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‘What did the Moors ever do for us?’

The Alpujarran landscape is shaped by water, in its formation, in its vegetation, in the subsequent human re-engineering of the land for agriculture and in the way of life which still exists to some extent.  The influence of water touches almost every conversation here, whatever the subject being discussed.

During the ice ages Europe’s most southerly glaciers formed in the Sierra Nevada and as they made their way to the Mediterranean they scoured out the deep ravines which make up the Alpujarran valleys on the south side of the massif.  Ever since gravity dictates that any water coming either from underground aquifers or from plentiful snow melt must run down these deep valleys.  As you walk around a contour the difference in vegetation between the gulleys and the shoulders between them is very distinct and even in the driest periods water still runs in most valleys.

Poplars

Poplars in Alpujarran river valley stand out against the surroundings.

As the ice moved south so did the vegetation which lived on its fringes.  When the ice receded the plants remained and adapted. Many plants found in the Alpujarras exist nowhere else on earth and remain as the successors of those ice age orphans.  They are the jetsam of a receding tide of frozen water.

For most of the year this is a dry region, rain when it comes tends to be short and heavy and it runs quickly off the steep slopes. Small reservoirs are everywhere to capture the rain and agricultural land is rutted to retain water. But retention of these short burst of rain is difficult so consistency of supply is the big challenge.

Enter the Moors (Muslims from the Middle East and North Africa) who from 711 until 1492 occupied this region and most of the rest of Iberia. They brought with them remarkable water management skills and they took on the challenge of irrigating the Alpujarras. The system they used sounds reasonably simple; dig a rill/channel/ditch to redirect water from a steep, wet valley along a contour, irrigating the land as the water flows. What is really impressive is that some of these acequia run for 10km or more, always at a very steady gradient, and then break into multitudinous smaller channels, all filling from the original natural stream. What is truly amazing is that many of these acequia remain in good working order in the 21st century, still doing the job they were designed for as much as 1000 years after they were built.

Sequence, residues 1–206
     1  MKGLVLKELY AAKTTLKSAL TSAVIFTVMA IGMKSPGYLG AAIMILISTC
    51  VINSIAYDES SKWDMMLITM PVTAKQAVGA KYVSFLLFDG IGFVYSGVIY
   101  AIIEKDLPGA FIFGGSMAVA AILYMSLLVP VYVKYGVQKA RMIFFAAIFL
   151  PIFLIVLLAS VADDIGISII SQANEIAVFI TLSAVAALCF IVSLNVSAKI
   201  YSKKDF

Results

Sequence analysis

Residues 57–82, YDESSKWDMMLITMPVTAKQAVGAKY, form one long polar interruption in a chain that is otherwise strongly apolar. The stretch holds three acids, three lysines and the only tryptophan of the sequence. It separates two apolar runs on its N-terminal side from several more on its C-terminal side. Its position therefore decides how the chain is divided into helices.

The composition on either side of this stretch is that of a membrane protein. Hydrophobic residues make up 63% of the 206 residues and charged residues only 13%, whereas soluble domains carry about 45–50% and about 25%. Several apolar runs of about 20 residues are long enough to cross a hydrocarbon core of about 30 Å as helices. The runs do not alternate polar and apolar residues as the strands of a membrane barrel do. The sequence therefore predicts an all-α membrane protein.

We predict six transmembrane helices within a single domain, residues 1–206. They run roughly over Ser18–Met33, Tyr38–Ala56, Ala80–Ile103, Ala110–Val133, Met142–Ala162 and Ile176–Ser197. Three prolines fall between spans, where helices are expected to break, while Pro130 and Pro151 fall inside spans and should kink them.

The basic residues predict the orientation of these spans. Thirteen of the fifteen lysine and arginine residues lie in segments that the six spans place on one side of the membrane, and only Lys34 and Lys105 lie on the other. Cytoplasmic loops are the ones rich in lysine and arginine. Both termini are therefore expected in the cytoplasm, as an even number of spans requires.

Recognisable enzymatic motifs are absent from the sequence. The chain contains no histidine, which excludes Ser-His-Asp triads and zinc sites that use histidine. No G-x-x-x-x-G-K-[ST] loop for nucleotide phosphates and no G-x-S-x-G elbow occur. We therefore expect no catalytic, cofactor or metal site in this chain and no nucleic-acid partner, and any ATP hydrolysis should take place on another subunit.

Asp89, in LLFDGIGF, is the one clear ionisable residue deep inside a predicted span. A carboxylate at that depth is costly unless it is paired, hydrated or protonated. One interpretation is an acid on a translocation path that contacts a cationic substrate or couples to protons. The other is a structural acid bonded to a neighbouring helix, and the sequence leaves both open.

Acequia

Acequia in the Apujarras

When the Catholics finally booted out the Moors in 1492 most were exiled from Spain (although by then they had no other homeland).  However, in deference to their expertise each village was allowed to keep one Moorish family to manage the existing water system and pass on their knowledge.

Nowadays this irrigation system is still used.  Sluices are opened and closed to feed water in different directions in accordance with a complex mathematical model first invented by the Moors to ensure everyone gets a fair share of the available water. The land alongside the acequia is populated with plants which would otherwise not exist here at all, like chestnut trees, whilst crops like olives, peppers, courgettes and tomatoes can all flourish on land where they wouldn’t stand a chance without irrigation.

Chestnut Tree

An allegedly 1000 year old Chestnut Tree.

So the answer to the question, ‘What did the Moors ever do for us?, is simple. Without their expertise and brilliant engineering skills no one would have been able to survive in the high Alpujarras to ask the question.

P.S. As I write the forecast is for rain tomorrow and everyone here is talking about it and excited by it.  October’s rains were very low and the crops are beginning to suffer. The oranges, now starting to ripen, will be poor without water now and olives which will be ready to harvest soon, would benefit from a late dousing.  It’s difficult to begrudge this land its fair share so I hope the rain comes too, but please let it be one of the short sharp bursts the area is known for.

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